Lin Fei Fei
Like the sun, Lin Fei Fei rose in the east and as she’s traveled west she has shown the light, the warmth and the beauty of her talents on all the people around her. She’s a powerful example of possibility – an example of dedication – of results reaped from hard work.
Born in the north eastern province of Liaoning China, outside the city of Shenyang where the weather is harsh and the people grow up with a strong resolve. Lin Fei Fei, showing her strength at an early age, resisted the traditional expectations of a young woman in her culture and dedicated her time and energy to becoming a master painter, working hard in a male dominated culture to earn the respect of her teachers and contemporaries. She has succeeded in tremendous fashion.
Her paintings are a beautiful blend of emotion and movement. In 2014 she graduated Valedictorian with her masters in oil painting from Lu Xun Academy of Fine Arts in Shenyang. During the years of earning her masters Lin Fei Fei was awarded multiple scholarships and traveled as an exchange student to ten different countries working on many different art projects. She’s been featured in magazines around the world and now resides in Northern California where she continues to grow and excel as an artist.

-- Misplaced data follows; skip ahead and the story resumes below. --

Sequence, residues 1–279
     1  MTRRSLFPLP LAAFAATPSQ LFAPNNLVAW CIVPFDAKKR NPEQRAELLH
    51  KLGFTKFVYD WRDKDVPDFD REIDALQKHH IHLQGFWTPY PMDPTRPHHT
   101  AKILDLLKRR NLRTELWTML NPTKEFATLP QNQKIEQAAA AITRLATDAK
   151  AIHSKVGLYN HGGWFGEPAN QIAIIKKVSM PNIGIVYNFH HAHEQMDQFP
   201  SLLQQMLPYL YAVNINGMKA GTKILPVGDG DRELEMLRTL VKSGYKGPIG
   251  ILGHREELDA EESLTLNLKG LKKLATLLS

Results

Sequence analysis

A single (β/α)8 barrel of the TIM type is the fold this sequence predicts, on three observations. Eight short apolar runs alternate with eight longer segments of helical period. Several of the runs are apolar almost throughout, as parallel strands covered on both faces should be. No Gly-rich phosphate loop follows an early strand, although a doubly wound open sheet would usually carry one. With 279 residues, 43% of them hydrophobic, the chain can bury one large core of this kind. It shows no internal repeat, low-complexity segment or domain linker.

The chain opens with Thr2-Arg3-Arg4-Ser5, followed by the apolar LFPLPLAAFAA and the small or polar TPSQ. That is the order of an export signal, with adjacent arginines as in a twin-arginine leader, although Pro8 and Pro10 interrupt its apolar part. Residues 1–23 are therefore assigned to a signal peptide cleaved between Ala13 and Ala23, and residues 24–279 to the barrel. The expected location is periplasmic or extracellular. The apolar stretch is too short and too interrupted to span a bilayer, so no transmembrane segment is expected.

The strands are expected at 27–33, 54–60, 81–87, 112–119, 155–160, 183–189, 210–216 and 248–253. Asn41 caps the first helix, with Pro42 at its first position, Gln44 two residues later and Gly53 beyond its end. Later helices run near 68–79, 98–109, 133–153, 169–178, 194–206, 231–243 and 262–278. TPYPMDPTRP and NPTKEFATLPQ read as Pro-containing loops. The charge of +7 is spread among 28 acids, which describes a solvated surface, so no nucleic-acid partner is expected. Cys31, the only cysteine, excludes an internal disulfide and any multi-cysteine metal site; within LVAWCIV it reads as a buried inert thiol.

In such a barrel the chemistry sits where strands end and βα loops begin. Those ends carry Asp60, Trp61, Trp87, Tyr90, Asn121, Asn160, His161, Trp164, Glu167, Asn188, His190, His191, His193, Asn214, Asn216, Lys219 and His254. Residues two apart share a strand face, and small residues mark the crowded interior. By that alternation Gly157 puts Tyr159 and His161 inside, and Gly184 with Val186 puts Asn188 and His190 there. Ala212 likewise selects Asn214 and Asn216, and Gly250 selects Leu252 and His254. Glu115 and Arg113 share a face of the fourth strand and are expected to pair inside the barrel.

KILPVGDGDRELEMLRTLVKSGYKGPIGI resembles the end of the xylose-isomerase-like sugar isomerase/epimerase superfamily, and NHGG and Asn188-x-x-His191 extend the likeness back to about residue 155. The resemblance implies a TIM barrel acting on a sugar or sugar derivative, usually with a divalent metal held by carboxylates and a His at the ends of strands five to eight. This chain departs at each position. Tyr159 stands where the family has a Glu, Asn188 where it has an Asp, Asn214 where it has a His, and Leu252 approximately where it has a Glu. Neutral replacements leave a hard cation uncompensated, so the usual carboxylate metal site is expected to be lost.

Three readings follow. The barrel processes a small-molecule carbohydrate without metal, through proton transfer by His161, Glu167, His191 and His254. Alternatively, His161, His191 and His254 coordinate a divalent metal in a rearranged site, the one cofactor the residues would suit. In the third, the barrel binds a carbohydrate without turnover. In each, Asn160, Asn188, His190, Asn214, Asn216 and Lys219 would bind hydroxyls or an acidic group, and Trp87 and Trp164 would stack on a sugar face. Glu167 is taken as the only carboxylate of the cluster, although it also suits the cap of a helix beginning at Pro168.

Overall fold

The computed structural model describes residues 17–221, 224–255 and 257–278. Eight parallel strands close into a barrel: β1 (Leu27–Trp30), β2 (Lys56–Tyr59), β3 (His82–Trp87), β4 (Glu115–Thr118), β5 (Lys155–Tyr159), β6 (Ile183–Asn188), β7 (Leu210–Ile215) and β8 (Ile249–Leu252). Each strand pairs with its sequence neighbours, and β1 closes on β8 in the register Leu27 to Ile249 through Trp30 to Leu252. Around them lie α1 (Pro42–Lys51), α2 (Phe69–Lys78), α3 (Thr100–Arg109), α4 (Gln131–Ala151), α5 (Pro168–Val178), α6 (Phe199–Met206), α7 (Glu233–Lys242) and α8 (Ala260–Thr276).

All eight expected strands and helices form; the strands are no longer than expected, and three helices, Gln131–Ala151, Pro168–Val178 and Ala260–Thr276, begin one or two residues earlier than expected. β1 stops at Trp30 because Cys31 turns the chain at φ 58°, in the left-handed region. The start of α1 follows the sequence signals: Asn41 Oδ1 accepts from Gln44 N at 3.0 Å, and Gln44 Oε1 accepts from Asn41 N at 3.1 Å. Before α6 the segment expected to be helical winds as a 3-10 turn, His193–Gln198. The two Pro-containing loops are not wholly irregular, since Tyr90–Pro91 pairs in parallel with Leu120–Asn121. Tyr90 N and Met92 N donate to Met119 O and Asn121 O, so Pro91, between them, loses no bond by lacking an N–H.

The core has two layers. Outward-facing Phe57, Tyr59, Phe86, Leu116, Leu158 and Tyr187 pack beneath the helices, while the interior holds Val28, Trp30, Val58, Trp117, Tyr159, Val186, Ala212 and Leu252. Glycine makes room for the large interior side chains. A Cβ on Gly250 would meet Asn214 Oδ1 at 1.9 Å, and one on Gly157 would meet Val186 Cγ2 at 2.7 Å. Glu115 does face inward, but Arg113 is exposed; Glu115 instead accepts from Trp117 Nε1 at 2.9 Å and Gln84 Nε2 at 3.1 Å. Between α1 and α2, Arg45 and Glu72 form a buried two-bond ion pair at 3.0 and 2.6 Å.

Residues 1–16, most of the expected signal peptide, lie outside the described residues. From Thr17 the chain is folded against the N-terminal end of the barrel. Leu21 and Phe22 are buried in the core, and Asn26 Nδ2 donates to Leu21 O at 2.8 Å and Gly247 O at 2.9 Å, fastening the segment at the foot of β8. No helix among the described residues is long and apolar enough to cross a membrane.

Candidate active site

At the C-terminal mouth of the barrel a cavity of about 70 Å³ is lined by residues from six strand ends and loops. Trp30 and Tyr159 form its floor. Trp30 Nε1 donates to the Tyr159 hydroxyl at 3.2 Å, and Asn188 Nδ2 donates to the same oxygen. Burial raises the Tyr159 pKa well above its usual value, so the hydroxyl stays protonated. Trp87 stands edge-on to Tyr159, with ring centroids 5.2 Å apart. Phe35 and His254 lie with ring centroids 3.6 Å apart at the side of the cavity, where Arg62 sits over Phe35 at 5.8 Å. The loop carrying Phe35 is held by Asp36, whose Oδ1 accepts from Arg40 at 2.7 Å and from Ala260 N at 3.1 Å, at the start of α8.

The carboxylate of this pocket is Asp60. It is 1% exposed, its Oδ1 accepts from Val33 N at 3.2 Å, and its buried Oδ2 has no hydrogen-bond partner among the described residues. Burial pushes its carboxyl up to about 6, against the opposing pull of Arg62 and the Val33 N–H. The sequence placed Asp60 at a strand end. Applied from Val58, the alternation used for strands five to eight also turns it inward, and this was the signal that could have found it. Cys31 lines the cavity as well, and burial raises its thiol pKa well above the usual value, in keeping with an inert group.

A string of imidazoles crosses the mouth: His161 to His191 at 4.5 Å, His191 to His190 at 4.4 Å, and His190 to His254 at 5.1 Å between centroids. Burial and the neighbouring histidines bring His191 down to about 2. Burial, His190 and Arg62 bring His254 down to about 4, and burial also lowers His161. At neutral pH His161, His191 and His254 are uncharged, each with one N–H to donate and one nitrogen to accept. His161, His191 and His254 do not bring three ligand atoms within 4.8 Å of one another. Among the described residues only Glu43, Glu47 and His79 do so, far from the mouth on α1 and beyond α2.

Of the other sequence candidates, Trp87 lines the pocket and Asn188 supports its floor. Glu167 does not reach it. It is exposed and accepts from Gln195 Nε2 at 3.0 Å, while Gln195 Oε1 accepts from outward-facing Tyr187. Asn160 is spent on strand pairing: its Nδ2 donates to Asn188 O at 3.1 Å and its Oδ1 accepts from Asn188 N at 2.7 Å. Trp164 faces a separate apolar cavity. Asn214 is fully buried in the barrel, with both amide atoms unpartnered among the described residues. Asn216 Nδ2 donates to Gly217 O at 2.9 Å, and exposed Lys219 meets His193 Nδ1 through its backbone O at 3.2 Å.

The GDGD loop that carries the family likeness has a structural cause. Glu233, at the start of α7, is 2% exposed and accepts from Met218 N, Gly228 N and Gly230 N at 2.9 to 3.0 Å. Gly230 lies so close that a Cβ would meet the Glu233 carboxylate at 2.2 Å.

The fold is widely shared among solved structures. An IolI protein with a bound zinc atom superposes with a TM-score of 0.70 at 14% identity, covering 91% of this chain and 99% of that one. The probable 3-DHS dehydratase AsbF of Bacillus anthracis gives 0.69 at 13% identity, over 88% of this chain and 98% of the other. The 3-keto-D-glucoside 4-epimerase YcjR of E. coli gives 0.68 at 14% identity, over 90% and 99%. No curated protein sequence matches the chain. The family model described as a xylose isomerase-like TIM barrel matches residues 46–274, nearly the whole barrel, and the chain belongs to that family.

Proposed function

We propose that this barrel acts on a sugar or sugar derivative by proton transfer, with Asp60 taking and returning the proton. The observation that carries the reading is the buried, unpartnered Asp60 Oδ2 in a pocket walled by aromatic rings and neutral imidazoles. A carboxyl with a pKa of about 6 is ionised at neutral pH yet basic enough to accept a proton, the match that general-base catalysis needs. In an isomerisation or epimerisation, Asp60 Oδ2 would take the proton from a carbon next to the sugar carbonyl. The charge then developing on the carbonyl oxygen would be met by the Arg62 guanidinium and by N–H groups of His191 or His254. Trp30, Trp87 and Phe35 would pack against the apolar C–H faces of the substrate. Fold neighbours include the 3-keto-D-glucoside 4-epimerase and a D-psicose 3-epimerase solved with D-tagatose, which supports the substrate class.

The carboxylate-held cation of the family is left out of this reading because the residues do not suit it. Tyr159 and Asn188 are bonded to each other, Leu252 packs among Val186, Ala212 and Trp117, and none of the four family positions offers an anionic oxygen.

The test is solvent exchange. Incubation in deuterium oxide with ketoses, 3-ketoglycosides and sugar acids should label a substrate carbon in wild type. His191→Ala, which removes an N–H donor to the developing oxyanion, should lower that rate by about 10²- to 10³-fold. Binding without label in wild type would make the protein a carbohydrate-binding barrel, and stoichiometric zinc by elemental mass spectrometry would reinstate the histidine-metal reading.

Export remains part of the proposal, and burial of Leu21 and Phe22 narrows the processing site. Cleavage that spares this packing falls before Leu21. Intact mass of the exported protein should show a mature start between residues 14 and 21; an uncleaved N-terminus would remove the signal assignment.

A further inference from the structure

When did you know you wanted to be an artist?
I knew from the time I was six years old. I didn’t know how hard it would be but I never feel regret. This is my Destiny.
Is there a focus on Art where you grew up or is the path you’ve chosen considered an abnormal choice?
My parents grew up in the countryside During the Mao Zedong period, a more traditional time. When I was five they moved us to the city and the cultural difference was insane. I grew up with TV and culture from America mixing with the eastern culture of the past. Although we didn’t have color TV or many channels I grew up wondering what the outside world looked like and developed a desire to travel at an early age.
The culture where I grew up expects a woman to get married and dedicate your life to taking care of your husband and family – Not to have big dreams of travel and success. No one really supported me except my parents. I didn’t set out to get my masters to brag or to prove something. I saw it as a way to escape this reality.